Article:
CINCINNATI -- Founded back in 1835 by merchants who came together to pursue self-education and networking, the Mercantile Library in downtown Cincinnati is one of just two dozen or so remaining membership libraries in the country.
Aesthetically, the local landmark looks exactly the way you'd expect a nearly 200-year-old library to look: Its polished hardwood flooring and leather furnishings, original reading desks with ornamental iron framework and worn mahogany tops, and towering bookcases create an opulent but comfortable escape from the hustle and bustle of the city. It even smells like old books.
But in much the way you can't judge a book by its cover, you shouldn't judge the Mercantile Library solely on its fancy digs.
"We're not pretentious," said Amy Hunter, the library's literary programs and marketing manager, who is one of only five full-time staff members. "We're actually very accessible and incredibly welcoming."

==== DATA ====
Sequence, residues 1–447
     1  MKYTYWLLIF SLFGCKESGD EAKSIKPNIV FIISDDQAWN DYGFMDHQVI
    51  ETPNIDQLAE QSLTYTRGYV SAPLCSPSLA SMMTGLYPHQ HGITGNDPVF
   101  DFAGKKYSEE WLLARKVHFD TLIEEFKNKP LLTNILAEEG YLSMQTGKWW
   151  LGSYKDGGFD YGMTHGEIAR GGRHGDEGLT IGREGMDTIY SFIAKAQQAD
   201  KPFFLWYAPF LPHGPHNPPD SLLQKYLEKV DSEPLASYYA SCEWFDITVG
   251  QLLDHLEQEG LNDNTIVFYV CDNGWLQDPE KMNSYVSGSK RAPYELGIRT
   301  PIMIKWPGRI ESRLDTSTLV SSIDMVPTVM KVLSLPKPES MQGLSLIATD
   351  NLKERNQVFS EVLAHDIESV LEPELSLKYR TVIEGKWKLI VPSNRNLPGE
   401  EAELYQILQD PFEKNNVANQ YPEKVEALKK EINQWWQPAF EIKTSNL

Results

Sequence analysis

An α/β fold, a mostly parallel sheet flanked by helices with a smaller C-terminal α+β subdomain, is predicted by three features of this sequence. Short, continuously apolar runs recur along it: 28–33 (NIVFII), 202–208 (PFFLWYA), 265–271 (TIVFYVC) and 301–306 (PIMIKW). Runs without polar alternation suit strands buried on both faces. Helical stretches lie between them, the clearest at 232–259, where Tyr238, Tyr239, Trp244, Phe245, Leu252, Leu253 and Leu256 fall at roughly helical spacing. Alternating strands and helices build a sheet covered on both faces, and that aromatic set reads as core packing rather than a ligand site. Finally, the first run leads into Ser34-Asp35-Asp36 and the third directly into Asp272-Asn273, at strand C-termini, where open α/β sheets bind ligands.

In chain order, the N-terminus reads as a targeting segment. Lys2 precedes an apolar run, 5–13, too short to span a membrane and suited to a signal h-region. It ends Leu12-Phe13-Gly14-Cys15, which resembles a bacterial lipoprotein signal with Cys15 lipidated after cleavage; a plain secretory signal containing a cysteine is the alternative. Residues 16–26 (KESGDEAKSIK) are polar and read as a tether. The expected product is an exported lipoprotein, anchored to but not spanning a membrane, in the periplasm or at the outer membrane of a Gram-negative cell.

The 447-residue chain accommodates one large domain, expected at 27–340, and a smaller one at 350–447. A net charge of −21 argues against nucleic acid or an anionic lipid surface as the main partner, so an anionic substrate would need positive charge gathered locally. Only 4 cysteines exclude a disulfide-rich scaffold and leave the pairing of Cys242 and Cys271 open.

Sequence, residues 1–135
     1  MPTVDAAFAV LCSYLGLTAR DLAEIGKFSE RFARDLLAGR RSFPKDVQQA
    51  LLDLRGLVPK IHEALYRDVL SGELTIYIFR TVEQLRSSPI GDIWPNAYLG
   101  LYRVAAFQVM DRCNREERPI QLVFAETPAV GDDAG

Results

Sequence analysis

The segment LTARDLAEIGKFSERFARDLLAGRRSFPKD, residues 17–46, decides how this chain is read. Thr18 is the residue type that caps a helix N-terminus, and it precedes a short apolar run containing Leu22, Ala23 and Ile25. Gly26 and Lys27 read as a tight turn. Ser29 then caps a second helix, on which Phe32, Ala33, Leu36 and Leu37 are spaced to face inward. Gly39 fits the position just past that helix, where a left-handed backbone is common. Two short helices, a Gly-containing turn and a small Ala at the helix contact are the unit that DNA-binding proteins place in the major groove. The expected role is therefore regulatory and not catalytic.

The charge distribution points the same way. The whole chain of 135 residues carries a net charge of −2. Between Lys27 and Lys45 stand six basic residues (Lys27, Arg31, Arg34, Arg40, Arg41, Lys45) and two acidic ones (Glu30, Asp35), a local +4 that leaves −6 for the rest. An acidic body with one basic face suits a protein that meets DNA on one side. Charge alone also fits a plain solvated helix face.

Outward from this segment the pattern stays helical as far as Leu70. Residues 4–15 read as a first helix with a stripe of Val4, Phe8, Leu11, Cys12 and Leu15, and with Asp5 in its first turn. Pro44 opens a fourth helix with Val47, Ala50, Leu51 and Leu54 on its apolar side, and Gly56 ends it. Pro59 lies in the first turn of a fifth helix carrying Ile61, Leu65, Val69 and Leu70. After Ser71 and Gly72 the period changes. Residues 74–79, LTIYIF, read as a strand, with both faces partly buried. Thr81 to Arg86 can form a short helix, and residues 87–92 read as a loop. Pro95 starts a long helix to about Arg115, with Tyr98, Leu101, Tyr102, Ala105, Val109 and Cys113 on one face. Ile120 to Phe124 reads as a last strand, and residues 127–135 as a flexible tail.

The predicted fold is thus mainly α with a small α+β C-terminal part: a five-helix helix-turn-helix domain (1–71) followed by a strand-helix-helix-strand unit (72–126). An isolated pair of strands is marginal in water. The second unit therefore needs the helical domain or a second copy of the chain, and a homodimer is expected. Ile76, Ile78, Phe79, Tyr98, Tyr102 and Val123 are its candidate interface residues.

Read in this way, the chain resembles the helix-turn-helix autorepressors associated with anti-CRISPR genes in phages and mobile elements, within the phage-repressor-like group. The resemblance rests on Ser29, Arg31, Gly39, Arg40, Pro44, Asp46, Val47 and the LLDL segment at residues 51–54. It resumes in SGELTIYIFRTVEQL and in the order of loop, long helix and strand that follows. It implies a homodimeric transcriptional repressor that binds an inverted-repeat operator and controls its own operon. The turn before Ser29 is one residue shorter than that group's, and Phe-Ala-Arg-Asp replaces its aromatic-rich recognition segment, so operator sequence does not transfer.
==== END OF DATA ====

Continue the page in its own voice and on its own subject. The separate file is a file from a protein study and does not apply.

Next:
In fact, yoga mats are scattered across that aforementioned hardwood floor two mornings a week, and visitors can be seen having lunch while reading or working on their laptops in the library most days.
"We have spent the past few years trying to tell people about this library … and tried to make sure everybody knows this place is smart but not stodgy," said executive director John Faherty.
Their efforts appear to be working. The library welcomed about 7,000 people last year for more than 100 programs and events. That number is up 70 percent since 2015, he said. And membership is higher today than it has been in 100 years -- and much more diverse.
"We love people who love books, Faherty said. "We love people who want to find a quiet place to read or think or work. We have people who come just to read at lunch. I know we have people who only joined for the free yoga, and that's great too. The more people we have, the more we reflect our community, the better and healthier we will be."